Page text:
It's interesting that ZiPS hates Norris, but that may be reflective of his lack of a track record at the major league level. He has an absurd .500 BABIP right now, so his OPS is going to suffer a massive free fall, and probably soon. Norris can walk, and he can hit, though. As a 22-year-old with the Nationals, the former top prospect walked 18.2 percent of the time, and crushed his way to a .237 ISO in 104 games. The talent is there.
The talent is there for both of these guys, actually, and that is exactly what is causing fantasy owners grief.
Recommendation: Unless you're in a daily league and own both (a situation I am actually in) then it's probably best to avoid until either of these guys separate from each other, or one of them gets hurt. If that happens, they can be nice finds for mixed-league owners.
Note: This column is actually the second Waiver Wire of Week 3. When we changed schedules some nincompoop (me!) labelled the first one wrong. So we're back on track—honest—and Friday's column will correctly be titled: Waiver Wire: Week 3, Vol III.
Posted by Jack Weiland at 3:14am
A sense of entitlement can often inhibit sensible and timely decision making in fantasy baseball. One of my favorite articles from the THT Fantasy archives covers the problems of the endowment effect. An oversimplification of this phenomenon is that one tends to overvalue what he holds and undervalue what others hold. When dealing with crisis management, anything that prevents you from acting decisively and quickly is especially detrimental. In this column I’ll discuss a few strategic and mental pitfalls to avoid when dealing with a crisis.
The young fantasy season has already yielded some injuries that would reach the level of “crisis” for owners. From an owner’s perspective, perhaps the most detrimental injury thus far has been that of Jose Reyes. Not only is Reyes one of the most valuable commodities in the fantasy universe, but he also plays a shallow position and was likely relied upon by his owners to carry a tremendous load in the stolen base category. A player of his nature is among the most irreplaceable assets. Still, Reyes owners are now forced to make lemonade.
The standard endowment effect may even be enhanced in the Reyes situation. In addition to glorifying Reyes and shortchanging other options, an owner may be tempted to anchor his expectations for a replacement to the elite level player he had in the first place. This is a problematic thought to which one must not succumb—you are not entitled to a new superstar simply because you lost one. Following such faulty logic will hurt you in two ways.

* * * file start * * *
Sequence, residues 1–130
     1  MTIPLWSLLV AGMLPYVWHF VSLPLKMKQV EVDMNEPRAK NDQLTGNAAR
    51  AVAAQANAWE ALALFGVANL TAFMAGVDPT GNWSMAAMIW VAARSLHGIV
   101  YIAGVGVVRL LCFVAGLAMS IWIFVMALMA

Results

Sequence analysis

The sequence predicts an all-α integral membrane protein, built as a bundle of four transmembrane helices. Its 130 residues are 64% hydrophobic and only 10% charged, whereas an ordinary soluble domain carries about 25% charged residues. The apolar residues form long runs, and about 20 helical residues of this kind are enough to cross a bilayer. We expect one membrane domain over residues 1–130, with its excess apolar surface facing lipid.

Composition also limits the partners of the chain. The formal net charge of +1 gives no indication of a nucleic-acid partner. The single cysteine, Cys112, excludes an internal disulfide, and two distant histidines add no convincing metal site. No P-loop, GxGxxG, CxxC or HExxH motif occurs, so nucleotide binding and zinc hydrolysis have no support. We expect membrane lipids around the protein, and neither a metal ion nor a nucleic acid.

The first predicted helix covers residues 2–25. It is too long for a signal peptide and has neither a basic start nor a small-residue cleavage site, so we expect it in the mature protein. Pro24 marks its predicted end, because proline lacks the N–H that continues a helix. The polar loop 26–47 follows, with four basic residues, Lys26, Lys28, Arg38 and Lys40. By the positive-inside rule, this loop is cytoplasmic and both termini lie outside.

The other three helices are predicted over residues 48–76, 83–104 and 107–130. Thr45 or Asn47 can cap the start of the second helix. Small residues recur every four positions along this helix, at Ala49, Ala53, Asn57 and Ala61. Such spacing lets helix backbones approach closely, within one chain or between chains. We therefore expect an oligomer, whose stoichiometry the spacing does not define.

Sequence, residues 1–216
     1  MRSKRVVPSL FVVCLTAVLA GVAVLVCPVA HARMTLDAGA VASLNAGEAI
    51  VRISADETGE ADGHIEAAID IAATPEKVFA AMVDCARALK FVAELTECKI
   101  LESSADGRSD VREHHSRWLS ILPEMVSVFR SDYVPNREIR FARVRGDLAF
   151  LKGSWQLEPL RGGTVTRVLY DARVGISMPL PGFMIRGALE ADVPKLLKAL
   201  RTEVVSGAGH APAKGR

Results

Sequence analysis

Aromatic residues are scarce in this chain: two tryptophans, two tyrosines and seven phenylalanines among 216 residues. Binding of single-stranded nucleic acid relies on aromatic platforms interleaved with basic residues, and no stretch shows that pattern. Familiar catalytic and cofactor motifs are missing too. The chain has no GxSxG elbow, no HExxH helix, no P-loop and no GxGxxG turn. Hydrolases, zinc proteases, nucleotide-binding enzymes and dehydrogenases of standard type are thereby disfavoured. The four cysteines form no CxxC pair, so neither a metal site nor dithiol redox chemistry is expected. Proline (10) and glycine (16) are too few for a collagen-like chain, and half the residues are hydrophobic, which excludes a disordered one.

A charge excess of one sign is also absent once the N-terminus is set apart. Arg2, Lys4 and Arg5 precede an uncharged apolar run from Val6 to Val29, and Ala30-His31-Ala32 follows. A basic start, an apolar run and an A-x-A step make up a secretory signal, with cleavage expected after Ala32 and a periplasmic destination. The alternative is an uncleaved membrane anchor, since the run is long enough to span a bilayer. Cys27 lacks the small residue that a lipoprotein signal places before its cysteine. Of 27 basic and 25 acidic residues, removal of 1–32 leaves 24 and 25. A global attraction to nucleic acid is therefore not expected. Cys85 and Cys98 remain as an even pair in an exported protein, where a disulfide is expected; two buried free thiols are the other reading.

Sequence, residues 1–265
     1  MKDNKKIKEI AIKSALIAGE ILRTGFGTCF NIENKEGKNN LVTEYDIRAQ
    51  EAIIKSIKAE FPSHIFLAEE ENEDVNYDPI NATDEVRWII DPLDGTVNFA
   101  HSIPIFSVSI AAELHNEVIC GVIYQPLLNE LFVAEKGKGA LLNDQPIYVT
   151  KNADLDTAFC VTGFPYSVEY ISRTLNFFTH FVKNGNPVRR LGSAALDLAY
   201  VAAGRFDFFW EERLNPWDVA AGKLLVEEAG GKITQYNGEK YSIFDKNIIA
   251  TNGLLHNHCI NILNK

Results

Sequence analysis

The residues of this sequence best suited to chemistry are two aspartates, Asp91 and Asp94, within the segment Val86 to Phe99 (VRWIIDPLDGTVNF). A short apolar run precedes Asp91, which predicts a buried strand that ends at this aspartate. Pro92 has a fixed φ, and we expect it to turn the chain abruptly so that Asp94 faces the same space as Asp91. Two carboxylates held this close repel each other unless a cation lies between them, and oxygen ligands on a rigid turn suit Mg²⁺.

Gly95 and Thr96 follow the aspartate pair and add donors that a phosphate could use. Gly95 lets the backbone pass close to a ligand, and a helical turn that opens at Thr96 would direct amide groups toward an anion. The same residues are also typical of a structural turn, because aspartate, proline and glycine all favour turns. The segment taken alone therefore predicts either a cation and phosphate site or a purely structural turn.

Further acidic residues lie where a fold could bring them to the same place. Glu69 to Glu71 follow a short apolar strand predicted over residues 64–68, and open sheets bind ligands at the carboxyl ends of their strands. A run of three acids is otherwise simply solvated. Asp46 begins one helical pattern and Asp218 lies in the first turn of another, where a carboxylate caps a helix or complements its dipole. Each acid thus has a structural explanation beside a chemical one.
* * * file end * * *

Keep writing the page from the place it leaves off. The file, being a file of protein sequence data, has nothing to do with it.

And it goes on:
It is important to realize that one must, in the immortal words of John Wooden, be quick, but don’t hurry. If you limit yourself to having to find ways to get a Troy Tulowitzki or Starlin Castro to fill that spot, you drastically foreclose your options and lengthen the amount of time it will require to work a deal—presuming you are even able to do so.
The best thing to do is to take a solid player at your deepest position and look to trade him for a solid shortstop. That’s the first manifestation of faulty thinking in a crisis—the longer it takes to act, the longer the crisis will severely impact operations. Acting quickly means minimizing the amount of time you will bear a replacement level player in your active roster. It is also best if you can find a player who approximates the skill set of Reyes—maybe somebody like Elvis Andrus.
This brings me to the other pitfall of miring oneself in the pursuit of another superstar. Other elite level players may be fantastic assets, but they don’t necessarily fill the same role and balance your team as it was originally constructed. Adding Tulowitzki would be fantastic, but it would probably lead your team to having a power surplus without addressing the speed deficiency.
Another strategy might be to take a player who is highly valuable, but not a five-category player and try to redistribute that value more evenly across the shortstop position and the needed categories. I’d guess that the closest Jose Reyes clone out there would be Jimmy Rollins. So, you might want to take one of your best players and try to trade for Rollins, plus a poor man’s version of the player you offer. Maybe Prince Fielder was your first round pick and Reyes your second, and you try to trade Fielder for Rollins and a fifth-to-eighth-round first baseman.
If your options are not so nearly laid out, you may need to retool at multiple positions. This can be necessary at times, but I try hard to avoid relying on plans that add multiple layers of variables. Each trade you require to make your team whole is essentially an assumption that you will be able to execute a trade—and trades can be hard to execute.
So, if you turn a speedy top-of-the-order shortstop into a middle-of-the-order shortstop with no speed, you now are essentially presented with the same challenge again—flip another player in the reverse direction—before you are back where you need to be. Again, sometimes circumstances force us into difficult choices, but a cascade of moves to retool is always harder to execute than you convince yourself it will be.
These are obviously all hypothetical situations, but the underlying idea is that you need to do what is practically most useful as opposed to what you might be tempted to want to do psychologically.
Posted by Derek Ambrosino at 3:01am